Strip away the glamour and the mystique, and the film industry is about people from a wide variety of crafts collaborating to create a product that the public will want. Since Dino De Laurentiis planted his studio in Wilmington about 40 years ago, the area has both attracted experienced film veterans and inspired locals with relevant skills to become part of film crews in this region.
There have been ups and downs over the years, but 2021 was the best year ever in terms of money spent in the area by movie, television and ad projects. That estimated $311 million in spending – for lumber, paint, props, transportation, on-set meals and a host of other necessities – translates into business for any number of local companies. Some of those companies cater exclusively to film projects; others see their bottom lines boosted by serving film projects as well as their regular customers.
“We’ve had our best year at SouthEast PROPS in 2021 directly because the state has finally figured out the incentives program and reinstated it,” said Matthew Sullivan, co-owner of the props and set decorating company (read more
about the business in the Business Journal’s new monthly series Film Focus). “There have been more films filmed here than in many years. The incentive in place has bolstered the industry across the state.”
Sustainability is key if the film industry is to remain an important part of the region’s economy, says Susi Hamilton, the interim board chairwoman of the newly formed Film Partnership of North Carolina. That means the involvement of more local businesses since a film project needs a vast array of everyday materials, and if purchased from in-state providers, that ups a project’s qualifying expenditures for the North Carolina incentive.
Companies interested in learning more should contact the Wilmington Regional Film Commission, director Johnny Griffin said.
Sustainability also means ensuring there will be enough trained and experienced people in the future who can do everything from building sets to rigging lights to performing stunts to accounting for every penny spent.
“A talented crew base is a factor in where productions, studios and their streaming subsidiaries choose to shoot their content,” said Darla McGlamery, business agent for Wilmington’s Local 491 of the International Alliance of Theatrical Stage Employees (IATSE). “In the dark days of HB2 [the so-called Bathroom Bill] … many talented crew members began renting apartments and living weekly in the Atlanta market. They left their families in North Carolina; some have moved everyone over to the ‘State too Big to Fail’ in content creation. In Georgia, the studios enjoy the less-stringent job incentive monies they qualify for.”
Despite what Georgia has done to lure projects, IATSE Local 491 has grown, and some key department heads have returned to North Carolina with beefed-up resumes from their time in the Atlanta market, McGlamery added.
IATSE is working with the city of Wilmington and the state’s Film Partnership on the launch of a $400,000 workforce training program, paid for by the city’s American Rescue Plan funds. Training is scheduled to begin in several weeks with about 100 locals enrolled. The city and its film community are excited at the prospect of creating a pipeline of job-ready crew members, Hamilton said.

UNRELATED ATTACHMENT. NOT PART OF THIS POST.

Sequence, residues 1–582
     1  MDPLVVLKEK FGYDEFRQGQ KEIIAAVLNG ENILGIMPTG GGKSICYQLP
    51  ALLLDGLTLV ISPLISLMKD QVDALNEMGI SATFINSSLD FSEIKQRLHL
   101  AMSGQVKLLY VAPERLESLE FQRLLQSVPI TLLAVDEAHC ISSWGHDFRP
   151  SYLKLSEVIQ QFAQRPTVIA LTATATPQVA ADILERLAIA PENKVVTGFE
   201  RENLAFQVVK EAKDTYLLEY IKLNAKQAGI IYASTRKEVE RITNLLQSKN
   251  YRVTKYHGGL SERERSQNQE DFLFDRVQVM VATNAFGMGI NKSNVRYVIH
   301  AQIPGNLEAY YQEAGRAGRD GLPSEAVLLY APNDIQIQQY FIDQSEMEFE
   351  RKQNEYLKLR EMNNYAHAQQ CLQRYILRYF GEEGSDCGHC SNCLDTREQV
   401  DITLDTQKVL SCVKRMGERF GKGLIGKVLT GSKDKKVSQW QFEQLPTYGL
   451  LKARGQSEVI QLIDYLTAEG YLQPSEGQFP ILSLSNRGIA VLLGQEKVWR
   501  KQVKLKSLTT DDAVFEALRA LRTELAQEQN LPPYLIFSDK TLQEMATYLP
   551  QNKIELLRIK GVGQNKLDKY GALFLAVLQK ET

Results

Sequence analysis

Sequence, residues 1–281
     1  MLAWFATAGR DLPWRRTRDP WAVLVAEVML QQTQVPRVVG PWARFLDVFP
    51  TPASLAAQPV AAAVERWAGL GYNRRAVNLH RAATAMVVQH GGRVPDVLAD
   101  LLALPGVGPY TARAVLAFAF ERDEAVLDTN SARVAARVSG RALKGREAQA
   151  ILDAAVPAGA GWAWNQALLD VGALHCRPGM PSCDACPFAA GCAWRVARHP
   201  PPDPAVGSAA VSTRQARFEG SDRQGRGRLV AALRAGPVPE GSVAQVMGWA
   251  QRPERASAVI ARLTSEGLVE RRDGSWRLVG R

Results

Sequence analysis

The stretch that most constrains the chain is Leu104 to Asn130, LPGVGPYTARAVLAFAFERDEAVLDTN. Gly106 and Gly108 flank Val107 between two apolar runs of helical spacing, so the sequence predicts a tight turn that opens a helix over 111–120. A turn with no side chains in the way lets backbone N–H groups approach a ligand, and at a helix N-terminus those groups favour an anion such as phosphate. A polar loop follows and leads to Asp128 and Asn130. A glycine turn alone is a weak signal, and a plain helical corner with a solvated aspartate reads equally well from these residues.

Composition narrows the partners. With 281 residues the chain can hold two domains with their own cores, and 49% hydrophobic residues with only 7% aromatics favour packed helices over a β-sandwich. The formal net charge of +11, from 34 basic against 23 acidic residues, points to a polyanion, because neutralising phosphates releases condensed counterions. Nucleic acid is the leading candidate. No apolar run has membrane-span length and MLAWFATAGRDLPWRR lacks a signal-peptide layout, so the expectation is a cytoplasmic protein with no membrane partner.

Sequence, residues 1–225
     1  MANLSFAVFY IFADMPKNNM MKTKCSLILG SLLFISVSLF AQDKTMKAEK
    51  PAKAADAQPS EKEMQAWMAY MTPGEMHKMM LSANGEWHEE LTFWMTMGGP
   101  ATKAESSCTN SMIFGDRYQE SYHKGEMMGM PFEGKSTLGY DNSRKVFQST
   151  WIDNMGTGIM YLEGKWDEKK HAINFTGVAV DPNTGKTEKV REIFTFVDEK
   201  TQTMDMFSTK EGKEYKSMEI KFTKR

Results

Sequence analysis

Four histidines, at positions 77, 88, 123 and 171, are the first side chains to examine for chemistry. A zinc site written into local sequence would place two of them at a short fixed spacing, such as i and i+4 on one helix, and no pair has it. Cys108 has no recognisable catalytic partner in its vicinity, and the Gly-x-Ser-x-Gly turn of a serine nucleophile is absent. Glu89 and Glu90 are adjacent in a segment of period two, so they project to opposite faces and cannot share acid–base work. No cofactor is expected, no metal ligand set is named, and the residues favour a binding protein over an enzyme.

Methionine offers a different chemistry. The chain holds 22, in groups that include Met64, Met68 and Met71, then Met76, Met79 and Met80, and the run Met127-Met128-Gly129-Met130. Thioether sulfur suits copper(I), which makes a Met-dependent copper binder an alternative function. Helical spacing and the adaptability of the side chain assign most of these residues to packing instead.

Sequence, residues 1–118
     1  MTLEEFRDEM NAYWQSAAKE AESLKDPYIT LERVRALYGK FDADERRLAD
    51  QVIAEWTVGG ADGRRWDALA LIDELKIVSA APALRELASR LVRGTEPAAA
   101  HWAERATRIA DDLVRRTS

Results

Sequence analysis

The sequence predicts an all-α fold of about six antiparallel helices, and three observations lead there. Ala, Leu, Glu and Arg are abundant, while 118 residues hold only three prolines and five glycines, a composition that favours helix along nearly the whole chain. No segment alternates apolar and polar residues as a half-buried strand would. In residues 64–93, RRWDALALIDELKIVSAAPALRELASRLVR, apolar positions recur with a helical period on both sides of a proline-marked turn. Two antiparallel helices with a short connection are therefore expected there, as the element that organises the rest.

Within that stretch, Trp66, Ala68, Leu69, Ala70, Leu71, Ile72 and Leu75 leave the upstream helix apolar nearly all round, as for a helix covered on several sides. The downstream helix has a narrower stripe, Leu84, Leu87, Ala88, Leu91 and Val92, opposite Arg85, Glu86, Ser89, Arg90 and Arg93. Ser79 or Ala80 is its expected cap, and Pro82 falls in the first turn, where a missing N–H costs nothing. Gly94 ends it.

“We have a solid [workforce] foundation – we did slip a bit from 2016 to 2020, but we understand where we are now and have to build on that foundation,” Hamilton said. “But that skilled workforce is not as diverse as it should be. There needs to be a conscious effort to diversify all aspects of that workforce. Wilmington has taken that big first step; now we’re in discussions with others across the state who are interested in doing what Wilmington has done.”
MovieMaker’s just-announced list of top small cities to live and work in as a moviemaker in 2022 ranked Wilmington eighth nationally. Editor- in-chief Tim Molloy believes the area has many assets.
“I think the future is very, very bright for Wilmington,” he said. “It’s a very livable, very affordable community. A lot of people are going to look for somewhere other than Los Angeles or New York to live in. They realize they don’t have to live in a big city at all as a filmmaker. They can live in a place that has a small-city quality of life.”
Molloy said that, per capita, Wilmington probably has more film activity than many other film centers like Atlanta. But he, too, emphasized the need to ensure a sustainable workforce.
“Albuquerque and Santa Fe [both of which ranked high on MovieMaker’s list] have a program to train up locals. Georgia is doing it too,” Molloy said. “Communities investing in their own people are going to do better, and cities will see the benefits of this. There will be more jobs for local people, as opposed to outsiders coming in and taking advantage of these opportunities.”
Hamilton pointed to the fact that California sets aside a small portion of its film incentive to support workforce training and development with an eye to diversity, equity and inclusion. The state of New York conducts workforce training, and the Georgia Film Academy has a sustained source of revenue for paid training.
“We do anticipate creating the foundation for a sustainable program with the city of Wilmington, and we’re currently working with other partners in the private sector,” she said. “Hopefully we’ll have some announcements in the coming months from around the state. I do believe the legislature has settled into a better routine as it relates to film.”
Correction: This version corrects the spelling of Wilmington Regional Film Commission Director Johnny Griffin's name.